Thursday, November 1, 2012

Headship and the Cause of the Gospel-1Cor. 11:3

What role should women have in the church? Should they be allowed to teach? If so, should it only be to other women? Are they allowed to pray publically within the context of the worship service? Can they be Pastors / Elders? Questions such as these have been a source of division and rancor for much of the last century and still causes confusion today. Many people go to Paul's letters to answer these questions (whether or not these are the questions Paul is even addressing). Specifically, 1Corinthians 11:2-16 (along with a few other passages) has been used (misused?) to justify a number of positions on how women are to minister within a local church. How does Paul address these concerns, if at all?

1 Corinthians 11:3 gives us a clue as to how Paul thinks about these things: the principle of "headship". And this principle of headship must be understood in a very specific way: as defined by God in the inter-Trinitarian relationship within the Godhead. The relationship between God and Christ is the key. The relationship between the Father and the Son is emphasized as the model for all human-to-human relationships; in this case, specifically between male and female. There are four main points about the relationship between the Father and the Son that are relevant (taken from the outline of the sermon found here):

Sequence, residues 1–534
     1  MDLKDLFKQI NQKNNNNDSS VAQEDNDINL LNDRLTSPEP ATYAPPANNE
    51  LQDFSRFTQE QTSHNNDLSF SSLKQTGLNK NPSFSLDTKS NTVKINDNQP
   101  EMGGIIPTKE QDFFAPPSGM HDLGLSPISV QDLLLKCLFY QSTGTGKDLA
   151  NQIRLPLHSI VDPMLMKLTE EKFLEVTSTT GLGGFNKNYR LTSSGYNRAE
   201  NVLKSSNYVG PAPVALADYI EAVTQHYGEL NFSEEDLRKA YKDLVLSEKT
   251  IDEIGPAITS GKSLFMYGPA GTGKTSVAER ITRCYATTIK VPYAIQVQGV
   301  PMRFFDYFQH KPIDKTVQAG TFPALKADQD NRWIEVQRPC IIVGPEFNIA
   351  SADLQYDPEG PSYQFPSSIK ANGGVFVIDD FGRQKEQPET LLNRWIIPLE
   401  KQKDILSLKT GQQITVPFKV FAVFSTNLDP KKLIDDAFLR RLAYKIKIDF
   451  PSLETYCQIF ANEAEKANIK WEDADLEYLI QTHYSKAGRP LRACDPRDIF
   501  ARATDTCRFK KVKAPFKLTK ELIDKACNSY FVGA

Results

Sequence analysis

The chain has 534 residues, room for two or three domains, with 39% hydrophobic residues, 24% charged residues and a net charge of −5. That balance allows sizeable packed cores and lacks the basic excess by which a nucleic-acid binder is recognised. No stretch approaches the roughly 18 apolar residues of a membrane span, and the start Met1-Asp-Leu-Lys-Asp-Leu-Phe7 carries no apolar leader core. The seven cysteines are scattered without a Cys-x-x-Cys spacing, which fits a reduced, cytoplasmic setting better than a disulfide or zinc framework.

1. Complete and Absolute Equality

2. Relational and Functional Distinction

3. Exhaustive Intimacy

4. Mutual Submission

While this sermon is not specifically a treatise on the Trinity, it does provide us with one of the most succintly presented explanations of the inter-Trinitarian relationship that defines God in His Person and His Purpose. If we can apprehend who God is in Himself as Father, Son and Spirit in relationship, then we can begin to live into the freedom of the "sons of God" who have been taken up in Him through Christ by the Spirit. Only in this way are we going to be able to authentically live out the life of Christ in us in all of our relationships; in other words, to live and relate to others as an authentic Human Being.

This sermon is not just about the role of women in the church or even male-femal relationships. It is about the inter-Trinitarian relationship between Father and Son (specifically) and Spirit and how this must inform our understanding of every human relationship. Check it out.